Jamie Deen’s Award-Winning Chili Recipe with Beer

Jamie Deen’s Award-Winning Chili Recipe with Beer
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Rachael recently attended a huge church teen event that had a Chili Cook-Off, and she informed me that not only did I need to make chili more often, but I needed to try making different kinds of chili.

Fair enough. I’d been making the same type of chili for at least five years now, so it was time to try something new.

I discovered that Jamie Deen (one of Paula Deen’s sons, of course) has a very popular award-winning chili recipe.

And his cookbook Jamie Deen’s Good Food: Cooking Up a Storm with Delicious, Family-Friendly Recipes, has some really great reviews on Amazon, including ones calling it “normal food for normal families” and “delicious and didn’t have me searching all over town for obscure and expensive ingredients!”


Jamie Deen's Good Food: Cooking Up a Storm with Delicious, Family-Friendly RecipesJamie Deen’s Good Food: Cooking Up a Storm with Delicious, Family-Friendly RecipesJamie Deen's Good Food: Cooking Up a Storm with Delicious, Family-Friendly RecipesY'all Come EatY’all Come EatY'all Come EatThe Deen Bros. Take It Easy: Quick and Affordable Meals the Whole Family Will Love: A CookbookThe Deen Bros. Take It Easy: Quick and Affordable Meals the Whole Family Will Love: A CookbookThe Deen Bros. Take It Easy: Quick and Affordable Meals the Whole Family Will Love: A Cookbook


Need to Freeze Your Chili?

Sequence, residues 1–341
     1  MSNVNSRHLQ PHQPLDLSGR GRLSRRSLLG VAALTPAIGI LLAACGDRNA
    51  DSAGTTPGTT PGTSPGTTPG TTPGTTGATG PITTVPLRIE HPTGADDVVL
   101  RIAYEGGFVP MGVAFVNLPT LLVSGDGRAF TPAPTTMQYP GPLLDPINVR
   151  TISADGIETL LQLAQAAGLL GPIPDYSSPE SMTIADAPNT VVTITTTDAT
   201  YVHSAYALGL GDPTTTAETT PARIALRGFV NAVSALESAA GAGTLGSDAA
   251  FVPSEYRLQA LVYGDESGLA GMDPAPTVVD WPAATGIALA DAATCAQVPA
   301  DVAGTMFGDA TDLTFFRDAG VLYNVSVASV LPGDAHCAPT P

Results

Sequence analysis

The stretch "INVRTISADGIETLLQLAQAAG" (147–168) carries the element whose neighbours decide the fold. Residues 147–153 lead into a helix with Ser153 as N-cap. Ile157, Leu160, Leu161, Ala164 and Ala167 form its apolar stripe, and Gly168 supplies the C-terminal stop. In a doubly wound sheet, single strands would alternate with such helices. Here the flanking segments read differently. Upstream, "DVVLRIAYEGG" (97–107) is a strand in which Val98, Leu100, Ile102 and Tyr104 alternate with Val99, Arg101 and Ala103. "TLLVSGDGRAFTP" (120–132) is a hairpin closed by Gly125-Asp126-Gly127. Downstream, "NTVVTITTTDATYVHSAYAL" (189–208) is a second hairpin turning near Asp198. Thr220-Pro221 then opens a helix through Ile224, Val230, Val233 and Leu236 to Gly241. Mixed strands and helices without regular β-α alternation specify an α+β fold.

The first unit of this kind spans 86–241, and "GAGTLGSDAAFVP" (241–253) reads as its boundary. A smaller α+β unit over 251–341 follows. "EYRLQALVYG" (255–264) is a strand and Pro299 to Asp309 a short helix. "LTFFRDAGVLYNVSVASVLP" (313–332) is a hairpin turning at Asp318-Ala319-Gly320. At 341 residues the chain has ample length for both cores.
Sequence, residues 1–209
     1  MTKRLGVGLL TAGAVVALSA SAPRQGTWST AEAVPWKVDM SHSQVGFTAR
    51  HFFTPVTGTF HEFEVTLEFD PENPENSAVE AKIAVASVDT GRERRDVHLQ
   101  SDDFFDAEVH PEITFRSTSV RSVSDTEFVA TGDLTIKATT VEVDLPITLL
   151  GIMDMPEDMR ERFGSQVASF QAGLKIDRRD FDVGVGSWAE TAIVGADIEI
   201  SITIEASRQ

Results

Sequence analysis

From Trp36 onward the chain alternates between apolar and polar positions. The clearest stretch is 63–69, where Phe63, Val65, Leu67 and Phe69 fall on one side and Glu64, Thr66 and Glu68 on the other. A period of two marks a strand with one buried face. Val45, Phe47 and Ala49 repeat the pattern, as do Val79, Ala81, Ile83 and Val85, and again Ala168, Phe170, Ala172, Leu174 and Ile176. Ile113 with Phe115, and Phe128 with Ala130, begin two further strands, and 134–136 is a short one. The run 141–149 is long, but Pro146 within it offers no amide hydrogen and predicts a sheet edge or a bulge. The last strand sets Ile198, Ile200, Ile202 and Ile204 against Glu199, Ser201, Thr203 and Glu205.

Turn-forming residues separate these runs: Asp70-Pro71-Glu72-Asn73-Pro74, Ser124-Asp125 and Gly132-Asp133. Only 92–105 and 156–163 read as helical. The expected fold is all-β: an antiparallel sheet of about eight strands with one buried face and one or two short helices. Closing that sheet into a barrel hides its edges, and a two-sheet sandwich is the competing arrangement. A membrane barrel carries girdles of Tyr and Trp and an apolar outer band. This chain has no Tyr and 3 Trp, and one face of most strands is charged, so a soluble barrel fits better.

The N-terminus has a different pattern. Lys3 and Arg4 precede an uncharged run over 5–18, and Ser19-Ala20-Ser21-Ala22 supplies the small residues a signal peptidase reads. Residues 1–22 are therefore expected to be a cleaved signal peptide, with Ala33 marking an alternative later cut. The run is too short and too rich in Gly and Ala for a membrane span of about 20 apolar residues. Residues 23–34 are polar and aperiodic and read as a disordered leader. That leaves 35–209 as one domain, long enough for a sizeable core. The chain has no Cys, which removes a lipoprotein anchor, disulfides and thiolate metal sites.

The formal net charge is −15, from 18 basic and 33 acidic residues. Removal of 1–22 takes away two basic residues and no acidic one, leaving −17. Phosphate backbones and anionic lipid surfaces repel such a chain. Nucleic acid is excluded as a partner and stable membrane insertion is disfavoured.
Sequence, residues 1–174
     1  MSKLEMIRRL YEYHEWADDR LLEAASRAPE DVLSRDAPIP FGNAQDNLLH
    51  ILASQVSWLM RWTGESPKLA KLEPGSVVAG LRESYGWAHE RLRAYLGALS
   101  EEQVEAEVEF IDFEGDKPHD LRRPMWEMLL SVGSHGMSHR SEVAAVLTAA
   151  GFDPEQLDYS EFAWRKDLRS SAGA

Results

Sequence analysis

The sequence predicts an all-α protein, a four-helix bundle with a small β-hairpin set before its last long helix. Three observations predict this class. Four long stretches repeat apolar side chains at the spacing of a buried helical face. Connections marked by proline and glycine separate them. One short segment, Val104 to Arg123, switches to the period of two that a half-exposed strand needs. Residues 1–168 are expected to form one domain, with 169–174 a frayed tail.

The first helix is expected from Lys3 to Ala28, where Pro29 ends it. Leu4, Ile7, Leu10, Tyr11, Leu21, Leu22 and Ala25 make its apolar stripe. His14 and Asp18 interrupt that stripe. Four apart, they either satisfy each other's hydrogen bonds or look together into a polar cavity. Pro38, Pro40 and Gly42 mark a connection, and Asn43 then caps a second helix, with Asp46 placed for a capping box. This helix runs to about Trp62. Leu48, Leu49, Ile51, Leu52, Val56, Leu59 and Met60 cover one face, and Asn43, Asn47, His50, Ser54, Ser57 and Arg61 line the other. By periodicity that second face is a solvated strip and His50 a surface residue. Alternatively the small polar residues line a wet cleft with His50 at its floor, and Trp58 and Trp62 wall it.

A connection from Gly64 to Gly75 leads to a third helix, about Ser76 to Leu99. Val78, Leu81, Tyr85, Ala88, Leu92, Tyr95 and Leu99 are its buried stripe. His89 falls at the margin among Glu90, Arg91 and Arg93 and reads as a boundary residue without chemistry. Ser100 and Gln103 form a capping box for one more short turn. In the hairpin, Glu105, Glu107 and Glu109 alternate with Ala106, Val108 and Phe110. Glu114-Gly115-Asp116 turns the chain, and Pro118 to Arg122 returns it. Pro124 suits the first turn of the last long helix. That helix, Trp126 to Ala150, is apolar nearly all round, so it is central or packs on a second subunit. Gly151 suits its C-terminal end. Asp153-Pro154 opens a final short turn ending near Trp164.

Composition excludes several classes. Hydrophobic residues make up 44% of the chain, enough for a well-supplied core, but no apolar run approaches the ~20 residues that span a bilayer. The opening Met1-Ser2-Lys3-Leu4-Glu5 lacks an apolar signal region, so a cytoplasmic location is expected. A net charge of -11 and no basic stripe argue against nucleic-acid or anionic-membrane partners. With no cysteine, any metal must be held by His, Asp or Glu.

One of the great things about chili is that you can make extra (and this recipe makes a lot!) and freeze some or all of in portion sizes for future meals.

One of the things I like to do is wake up one morning about a month later, dump the frozen leftovers into the crockpot, and turn it on low. Pretty easy way to make dinner, huh?

The only problem is that packing up and storing those leftovers can be kind of a pain.

Big Tupperware-like containers take up too much space in the freezer (and I’ve even had some containers crack from the cold temperature).

Freezer bags work better, but getting the chili into the bag is usually a two-person job that ultimately makes a mess no matter how I do it.

That’s why I was excited to find these really cool plastic racks for filling storage bags.


No-Spills Adjustable Baggy Rack Stands

No-Spills Adjustable Baggy Rack StandsNo-Spills Adjustable Baggy Rack StandsNo-Spills Adjustable Baggy Rack Stands


It makes the job much easier — and a whole lot less messy! You fasten the freezer bag under the clips, which makes the bag “stand up” and stay open so you can easily pour your chili in.

If you give these a try, be sure to check out this advice from Amazon reviewer LV: